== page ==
Date of Award
Open Access Dissertation
College of Nursing
Breast cancer is a significant disease—affecting 12% of American women in a lifetime. Breast cancer costs $180 billion annually in healthcare expenditures and productivity. Mammography has been identified as the greatest tool to mitigate morbidity, yet in many organizations, mammography compliance rates are decreasing. This process improvement was conducted to address the barriers to patient follow through with mammography and to recommend strategies to improve the current breastscreening process.
Principles of the Six Sigma DMAIC framework were utilized to analyze the breast-screening clinic process. Chart reviews and organization databases were applied to determine mammography adherence. The opportunities to improve current practices were identified by outlining the current practice flow, chart reviews, data mining of mammography adherence, and obtaining a baseline analysis of a sample of clinic patients who did not follow up with mammography. Informal interviews with providers were conducted as well. The structure of the organization was outlined and internal and external resources were identified.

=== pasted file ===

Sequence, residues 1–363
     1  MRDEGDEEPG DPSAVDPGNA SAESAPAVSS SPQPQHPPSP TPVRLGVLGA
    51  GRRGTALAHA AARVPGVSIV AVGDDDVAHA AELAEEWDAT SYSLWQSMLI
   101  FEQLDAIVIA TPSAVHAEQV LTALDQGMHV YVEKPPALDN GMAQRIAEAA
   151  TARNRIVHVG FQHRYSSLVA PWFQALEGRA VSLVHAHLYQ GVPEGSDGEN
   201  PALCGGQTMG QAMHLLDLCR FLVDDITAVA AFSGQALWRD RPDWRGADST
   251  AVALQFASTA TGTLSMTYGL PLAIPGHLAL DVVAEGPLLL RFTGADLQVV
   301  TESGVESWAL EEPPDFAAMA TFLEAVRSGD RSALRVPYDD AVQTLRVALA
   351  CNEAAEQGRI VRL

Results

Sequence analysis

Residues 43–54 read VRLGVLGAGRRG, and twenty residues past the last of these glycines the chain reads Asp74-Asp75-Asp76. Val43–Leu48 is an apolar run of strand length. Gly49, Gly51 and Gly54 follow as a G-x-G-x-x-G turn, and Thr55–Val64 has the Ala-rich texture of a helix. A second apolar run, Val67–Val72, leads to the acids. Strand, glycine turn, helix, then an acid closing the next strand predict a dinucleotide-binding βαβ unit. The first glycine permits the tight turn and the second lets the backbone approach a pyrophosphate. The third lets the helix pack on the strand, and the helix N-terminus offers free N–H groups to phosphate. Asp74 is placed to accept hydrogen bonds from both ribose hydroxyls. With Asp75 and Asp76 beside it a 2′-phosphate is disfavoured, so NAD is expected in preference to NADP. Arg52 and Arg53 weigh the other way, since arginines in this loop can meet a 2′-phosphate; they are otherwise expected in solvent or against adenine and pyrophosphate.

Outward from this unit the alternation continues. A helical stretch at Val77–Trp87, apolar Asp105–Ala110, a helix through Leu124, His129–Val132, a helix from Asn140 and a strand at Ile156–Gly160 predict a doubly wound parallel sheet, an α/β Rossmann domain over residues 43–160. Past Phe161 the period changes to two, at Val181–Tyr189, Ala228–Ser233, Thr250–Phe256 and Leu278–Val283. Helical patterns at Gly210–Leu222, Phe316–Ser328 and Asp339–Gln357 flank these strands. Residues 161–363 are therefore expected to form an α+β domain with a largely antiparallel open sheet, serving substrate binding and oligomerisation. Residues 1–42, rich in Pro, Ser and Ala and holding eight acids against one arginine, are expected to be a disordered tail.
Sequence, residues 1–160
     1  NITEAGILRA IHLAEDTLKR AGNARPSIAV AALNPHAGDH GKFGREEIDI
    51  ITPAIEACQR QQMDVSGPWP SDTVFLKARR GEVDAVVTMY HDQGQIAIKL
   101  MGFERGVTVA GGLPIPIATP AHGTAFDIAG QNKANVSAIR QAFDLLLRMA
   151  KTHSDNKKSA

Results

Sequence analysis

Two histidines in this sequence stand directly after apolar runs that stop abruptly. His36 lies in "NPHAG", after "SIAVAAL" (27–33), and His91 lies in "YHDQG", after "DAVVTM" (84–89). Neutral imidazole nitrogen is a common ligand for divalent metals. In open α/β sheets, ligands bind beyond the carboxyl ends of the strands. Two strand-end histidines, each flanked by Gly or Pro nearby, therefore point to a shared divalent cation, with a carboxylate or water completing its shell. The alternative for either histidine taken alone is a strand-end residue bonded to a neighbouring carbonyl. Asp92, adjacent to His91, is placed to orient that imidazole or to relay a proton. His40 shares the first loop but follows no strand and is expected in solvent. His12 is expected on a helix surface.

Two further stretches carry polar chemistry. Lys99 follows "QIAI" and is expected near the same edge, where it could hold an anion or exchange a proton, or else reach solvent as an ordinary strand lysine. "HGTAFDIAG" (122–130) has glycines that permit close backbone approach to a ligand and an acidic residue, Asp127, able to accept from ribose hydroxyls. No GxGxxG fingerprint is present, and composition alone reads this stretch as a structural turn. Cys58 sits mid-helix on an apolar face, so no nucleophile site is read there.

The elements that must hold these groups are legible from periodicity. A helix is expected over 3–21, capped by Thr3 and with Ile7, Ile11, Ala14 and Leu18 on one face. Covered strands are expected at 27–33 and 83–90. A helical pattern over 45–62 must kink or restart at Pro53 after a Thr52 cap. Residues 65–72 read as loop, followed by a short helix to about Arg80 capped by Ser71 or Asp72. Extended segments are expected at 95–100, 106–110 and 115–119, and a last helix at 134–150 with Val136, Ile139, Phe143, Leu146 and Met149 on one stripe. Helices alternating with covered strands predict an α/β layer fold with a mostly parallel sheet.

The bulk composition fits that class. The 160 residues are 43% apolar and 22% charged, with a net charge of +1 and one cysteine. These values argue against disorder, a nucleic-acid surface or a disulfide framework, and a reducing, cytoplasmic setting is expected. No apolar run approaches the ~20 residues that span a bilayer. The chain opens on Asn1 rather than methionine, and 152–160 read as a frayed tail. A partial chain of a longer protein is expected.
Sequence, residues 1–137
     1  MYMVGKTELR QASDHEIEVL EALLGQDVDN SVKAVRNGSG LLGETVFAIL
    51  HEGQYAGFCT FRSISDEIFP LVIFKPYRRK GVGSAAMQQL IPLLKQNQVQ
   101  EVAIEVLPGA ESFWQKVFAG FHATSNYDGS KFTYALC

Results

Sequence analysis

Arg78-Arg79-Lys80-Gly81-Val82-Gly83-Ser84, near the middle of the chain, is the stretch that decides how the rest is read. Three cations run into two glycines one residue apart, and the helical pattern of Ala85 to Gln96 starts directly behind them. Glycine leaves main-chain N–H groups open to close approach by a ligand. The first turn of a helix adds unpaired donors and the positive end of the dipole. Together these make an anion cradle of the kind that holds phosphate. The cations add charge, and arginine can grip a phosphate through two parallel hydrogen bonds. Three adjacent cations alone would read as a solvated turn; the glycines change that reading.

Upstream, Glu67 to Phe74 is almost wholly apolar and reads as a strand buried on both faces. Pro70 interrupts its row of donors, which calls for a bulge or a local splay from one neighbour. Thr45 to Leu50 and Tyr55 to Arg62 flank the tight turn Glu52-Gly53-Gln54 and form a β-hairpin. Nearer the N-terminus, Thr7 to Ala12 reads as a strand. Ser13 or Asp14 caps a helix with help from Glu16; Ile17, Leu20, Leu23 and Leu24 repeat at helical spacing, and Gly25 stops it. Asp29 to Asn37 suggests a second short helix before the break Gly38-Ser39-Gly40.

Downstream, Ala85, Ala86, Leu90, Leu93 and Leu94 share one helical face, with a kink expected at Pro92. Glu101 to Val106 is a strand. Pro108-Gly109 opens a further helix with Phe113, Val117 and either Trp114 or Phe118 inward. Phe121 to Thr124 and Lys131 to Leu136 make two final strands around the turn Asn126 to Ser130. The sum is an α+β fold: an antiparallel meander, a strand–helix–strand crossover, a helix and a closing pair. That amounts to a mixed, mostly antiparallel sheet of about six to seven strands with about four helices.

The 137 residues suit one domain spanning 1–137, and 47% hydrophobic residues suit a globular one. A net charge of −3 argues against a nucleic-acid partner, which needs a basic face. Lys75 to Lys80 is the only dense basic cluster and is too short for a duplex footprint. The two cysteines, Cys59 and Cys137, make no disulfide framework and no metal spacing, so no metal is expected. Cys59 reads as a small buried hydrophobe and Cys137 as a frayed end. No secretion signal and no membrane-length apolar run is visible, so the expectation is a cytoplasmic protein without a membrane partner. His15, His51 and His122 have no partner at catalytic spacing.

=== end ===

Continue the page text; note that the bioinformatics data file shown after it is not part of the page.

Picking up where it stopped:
An extensive review of the literature was conducted to identify best practices and barriers to mammography screening to elicit strategies to improve the breast-screening process. The interventions include assessing barriers to mammography during registration of clinic visit, alert staff and providers of participants that meet criteria for mammography by flagging or marking the patients’ charts, then providing a tailored provider message regarding the importance of mammography and relevance of all steps of the screening process, with an emphasis on financial counseling, and streamlining the current process. The usual care will be compared with the process change. The outcome measure of mammography proportion was calculated using a two-sample proportion test. The mammography proportion for the pre-intervention group was 22% and 51% for the post-intervention group. There was a statistically significant difference (p = 0.01) in mammography adherence between the pre-intervention group and the post intervention group. Ultimately, as evidenced by the significant increase in mammography utilization, the breast-screening clinic will positively impact the disease burden of breast cancer through early detection.
Smalls, T. E.(2017). An Evidence-Based Process Change to Improve Mammography Adherence. (Doctoral dissertation). Retrieved from https://scholarcommons.sc.edu/etd/4298